(screenshot from Peter Rawsthorne’s presentation)
During this two-week seminar we will explore digital badges from concept through to implementation. The seminar will focus on the possible pedagogies and technology required for implementing digital badges. We will also take a critical look at the current state of digital badges with discussion of the required and possible futures. If you have a few hours to read and discuss focused topics and participate in two mid-day webinars then please join is this lively learning experience focused on digital badges.
As well as the discussion forums there are two web conferences – the first took place last night. Details of the seminar and conferences can be found here – http://scope.bccampus.ca/mod/forum/view.php?id=9010
The seminar has been designed to be task driven and with the intention of awarding badges on completion, based on a 3 badge system design
- Learner badge – person introduces themselves to the group via the discussion forum and contributes to a couple of discussion threads. Mostly, they could be considered lurkers (much can be learned through lurking)
- Participant badge – person introduces themselves to the group via the discussion forum and actively contributes to 7 of the 12 primary discussion threads, also participates in one of the two lunch-and-learn sessions.
- Contributor badge – does everything the participant does with the addition of contributing;
- by designing badge images
- creating a badge system design for another curriculum
- blogs about their participation in this seminar series
- other creative endeavours regarding digital badges
The daily tasks that have been posted so far are
- Identify a merit badge you earned during your lifetim
- Describe how you displayed the merit badges
- Identify the digital and internet technologies best suited to create a digital merit badge
- Describe the technologies that could be used to attach (reference or link) the learning to the digital badge
- Identify the completion criteria for any badge you have earned (traditional or digital)
- Describe the hierarchy or network of badges
- Identify a variety of sites that issue badge
- Describe the skills, knowledge and curriculum the badges represent
Some sites that reference badges that have been mentioned in the forums…
- Khan Academy – http://www.khanacademy.org/badges
- FourSquare – http://www.4squarebadges.com/foursquare-badge-list/
- BadgeStack – http://badgestack.com/
- Mozilla Open Badges – http://openbadges.org
- Stackoverflow – http://stackoverflow.com/badges
- Wikipedia Barnstars – http://en.wikipedia.org/wiki/Wikipedia:Barnstars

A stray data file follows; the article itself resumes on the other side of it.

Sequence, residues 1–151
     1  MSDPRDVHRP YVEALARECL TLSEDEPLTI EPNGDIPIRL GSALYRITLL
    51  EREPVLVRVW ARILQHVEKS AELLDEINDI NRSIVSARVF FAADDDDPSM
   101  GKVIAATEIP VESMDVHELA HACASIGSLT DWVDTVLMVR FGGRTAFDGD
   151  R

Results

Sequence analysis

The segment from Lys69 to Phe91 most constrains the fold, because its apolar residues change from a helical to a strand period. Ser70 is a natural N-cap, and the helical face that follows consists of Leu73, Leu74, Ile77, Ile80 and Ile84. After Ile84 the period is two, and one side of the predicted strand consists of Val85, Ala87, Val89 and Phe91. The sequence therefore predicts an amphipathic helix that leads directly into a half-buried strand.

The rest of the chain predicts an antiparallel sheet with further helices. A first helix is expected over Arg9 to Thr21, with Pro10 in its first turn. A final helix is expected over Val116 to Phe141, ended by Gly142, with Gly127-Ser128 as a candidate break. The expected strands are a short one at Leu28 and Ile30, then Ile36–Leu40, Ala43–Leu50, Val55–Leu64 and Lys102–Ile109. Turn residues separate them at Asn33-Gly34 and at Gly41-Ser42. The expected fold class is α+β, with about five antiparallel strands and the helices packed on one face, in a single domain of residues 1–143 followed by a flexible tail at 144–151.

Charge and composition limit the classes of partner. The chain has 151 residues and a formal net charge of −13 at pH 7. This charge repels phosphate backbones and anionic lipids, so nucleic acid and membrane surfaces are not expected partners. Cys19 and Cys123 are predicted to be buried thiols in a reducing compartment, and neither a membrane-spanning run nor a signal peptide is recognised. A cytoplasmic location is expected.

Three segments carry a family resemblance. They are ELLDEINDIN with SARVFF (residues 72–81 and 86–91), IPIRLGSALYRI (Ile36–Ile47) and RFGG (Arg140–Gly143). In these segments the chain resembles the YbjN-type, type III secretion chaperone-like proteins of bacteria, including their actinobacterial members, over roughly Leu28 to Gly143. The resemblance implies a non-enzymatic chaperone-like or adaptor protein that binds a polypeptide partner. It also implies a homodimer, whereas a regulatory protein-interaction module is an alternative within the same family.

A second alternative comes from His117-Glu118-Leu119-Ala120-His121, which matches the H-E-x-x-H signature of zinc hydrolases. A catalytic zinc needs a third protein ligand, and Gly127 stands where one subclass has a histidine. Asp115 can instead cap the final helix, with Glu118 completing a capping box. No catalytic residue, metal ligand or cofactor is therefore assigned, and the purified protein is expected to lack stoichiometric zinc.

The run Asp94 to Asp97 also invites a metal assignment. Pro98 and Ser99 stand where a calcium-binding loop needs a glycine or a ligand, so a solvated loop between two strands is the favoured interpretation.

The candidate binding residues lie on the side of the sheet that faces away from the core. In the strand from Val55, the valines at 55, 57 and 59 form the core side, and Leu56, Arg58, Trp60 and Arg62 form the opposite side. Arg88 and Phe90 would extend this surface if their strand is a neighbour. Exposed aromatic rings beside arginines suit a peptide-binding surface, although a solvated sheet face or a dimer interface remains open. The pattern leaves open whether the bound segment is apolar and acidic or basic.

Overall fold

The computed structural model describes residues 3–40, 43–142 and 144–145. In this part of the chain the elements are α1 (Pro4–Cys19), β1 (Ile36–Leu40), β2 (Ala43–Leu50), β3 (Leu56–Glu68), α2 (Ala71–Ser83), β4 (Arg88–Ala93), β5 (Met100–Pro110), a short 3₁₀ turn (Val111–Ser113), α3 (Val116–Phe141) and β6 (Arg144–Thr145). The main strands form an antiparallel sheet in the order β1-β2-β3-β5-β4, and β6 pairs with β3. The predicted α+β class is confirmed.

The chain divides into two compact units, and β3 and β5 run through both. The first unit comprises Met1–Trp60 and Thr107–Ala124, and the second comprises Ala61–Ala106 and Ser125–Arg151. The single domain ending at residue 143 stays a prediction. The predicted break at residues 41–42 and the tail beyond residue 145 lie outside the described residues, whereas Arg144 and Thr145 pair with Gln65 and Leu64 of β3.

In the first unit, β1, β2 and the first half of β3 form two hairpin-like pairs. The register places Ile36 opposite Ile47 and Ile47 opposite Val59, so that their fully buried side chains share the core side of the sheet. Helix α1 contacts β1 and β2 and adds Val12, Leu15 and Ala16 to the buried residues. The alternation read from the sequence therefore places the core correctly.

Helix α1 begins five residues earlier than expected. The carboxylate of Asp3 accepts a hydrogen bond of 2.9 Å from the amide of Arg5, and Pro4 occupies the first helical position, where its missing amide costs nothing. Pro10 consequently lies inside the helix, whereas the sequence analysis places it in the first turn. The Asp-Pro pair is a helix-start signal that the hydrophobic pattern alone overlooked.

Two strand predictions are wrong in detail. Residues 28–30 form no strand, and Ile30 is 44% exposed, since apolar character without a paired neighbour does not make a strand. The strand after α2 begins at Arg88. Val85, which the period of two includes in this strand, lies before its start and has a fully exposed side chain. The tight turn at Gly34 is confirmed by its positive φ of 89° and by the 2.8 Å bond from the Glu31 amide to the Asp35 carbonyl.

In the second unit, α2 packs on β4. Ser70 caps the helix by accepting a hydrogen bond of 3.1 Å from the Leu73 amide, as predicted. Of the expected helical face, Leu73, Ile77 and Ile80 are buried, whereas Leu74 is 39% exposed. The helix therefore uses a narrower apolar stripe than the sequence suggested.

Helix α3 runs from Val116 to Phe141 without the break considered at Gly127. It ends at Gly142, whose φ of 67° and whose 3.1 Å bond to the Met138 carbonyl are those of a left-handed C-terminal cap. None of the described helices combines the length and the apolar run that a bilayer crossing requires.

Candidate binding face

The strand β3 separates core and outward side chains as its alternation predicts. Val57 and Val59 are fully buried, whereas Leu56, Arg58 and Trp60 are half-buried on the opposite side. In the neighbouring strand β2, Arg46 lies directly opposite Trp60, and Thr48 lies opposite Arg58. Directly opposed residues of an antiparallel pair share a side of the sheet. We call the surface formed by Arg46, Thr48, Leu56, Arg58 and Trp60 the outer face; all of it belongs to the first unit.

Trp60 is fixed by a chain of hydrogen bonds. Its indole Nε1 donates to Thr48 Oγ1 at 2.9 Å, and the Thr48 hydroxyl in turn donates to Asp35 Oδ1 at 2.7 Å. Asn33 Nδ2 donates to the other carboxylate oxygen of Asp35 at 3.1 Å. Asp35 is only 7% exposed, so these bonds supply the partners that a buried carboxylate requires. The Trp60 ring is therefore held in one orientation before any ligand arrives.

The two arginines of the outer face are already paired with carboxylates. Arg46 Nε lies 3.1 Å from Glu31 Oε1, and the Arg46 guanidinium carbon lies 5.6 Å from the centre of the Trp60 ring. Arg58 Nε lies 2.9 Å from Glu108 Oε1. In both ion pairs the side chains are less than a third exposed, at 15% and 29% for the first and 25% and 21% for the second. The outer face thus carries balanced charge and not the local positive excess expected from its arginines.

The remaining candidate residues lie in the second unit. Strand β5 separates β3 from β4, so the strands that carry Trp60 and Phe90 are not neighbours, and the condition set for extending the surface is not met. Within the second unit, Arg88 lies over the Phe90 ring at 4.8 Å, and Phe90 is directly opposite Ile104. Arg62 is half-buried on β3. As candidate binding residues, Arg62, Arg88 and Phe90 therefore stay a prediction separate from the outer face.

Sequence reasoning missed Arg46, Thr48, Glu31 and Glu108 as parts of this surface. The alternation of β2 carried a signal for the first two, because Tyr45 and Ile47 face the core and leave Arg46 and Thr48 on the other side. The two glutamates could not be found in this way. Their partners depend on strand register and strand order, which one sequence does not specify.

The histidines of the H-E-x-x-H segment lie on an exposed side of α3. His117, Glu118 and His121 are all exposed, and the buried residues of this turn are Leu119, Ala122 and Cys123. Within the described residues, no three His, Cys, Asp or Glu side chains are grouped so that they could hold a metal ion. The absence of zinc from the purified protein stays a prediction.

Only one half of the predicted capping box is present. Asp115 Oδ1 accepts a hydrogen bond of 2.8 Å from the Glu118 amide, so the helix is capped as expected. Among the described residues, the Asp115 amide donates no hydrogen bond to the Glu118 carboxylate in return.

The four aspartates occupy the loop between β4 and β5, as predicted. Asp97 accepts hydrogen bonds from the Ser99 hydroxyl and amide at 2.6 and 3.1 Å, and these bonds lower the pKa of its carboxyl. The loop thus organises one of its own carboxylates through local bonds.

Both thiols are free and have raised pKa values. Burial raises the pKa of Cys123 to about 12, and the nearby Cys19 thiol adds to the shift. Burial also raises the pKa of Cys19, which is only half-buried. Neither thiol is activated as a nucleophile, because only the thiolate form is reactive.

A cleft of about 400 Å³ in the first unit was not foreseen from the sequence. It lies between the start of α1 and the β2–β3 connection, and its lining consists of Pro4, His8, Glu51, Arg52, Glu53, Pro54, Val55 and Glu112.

- David Wiley – http://openeducation.us/
From the synchronous webinar last night Peter Rawsthorne made the point that there are 4-5 billion people on the planet who are not attending school. How will their achievements/accomplishments be recognized? I think the idea is that learning that happens outside traditional settings should be honoured and recognized.
(Screenshot from Peter Rawsthorne’s presentation)
At this point I feel a bit skeptical about the whole thing, but it is very early days. Three questions I have at this time are:
- Will badges promote quality learning or will they simply encourage people to ‘jump through hoops’?
For example – I notice in the discussion forums that there is in fact, very little discussion. The tasks are being completed but there is little discussion about them. Completing tasks does not necessarily lead to quality learning.
- Will badges be ‘recognised/valued’ by employers – will they need to be?
Verena Roberts in last night’s webinar wrote ‘Do badges need to lead to something, or identify a person’s passion?’ For me, I don’t need a badge to identify a personal passion, but I might need one for my CV, depending on the context and my personal circumstances.
- Will badges stifle creativity and emergent learning?
There has been discussion about how badges fit together and Gina Bennett (in the webinar) thought that the ‘Scouts’ have the badge thing really figured out. But for me that model is based on a very ‘linear’ way of thinking about learning, whereas research has shown that even small children (for example when learning mathematics), don’t learn in a linear way – they go backwards, forwards and sideways. Frogmarching children (and adults) through a curriculum has always been a problem for curriculum design and the award of badges based on a linear approach might just reinforce this.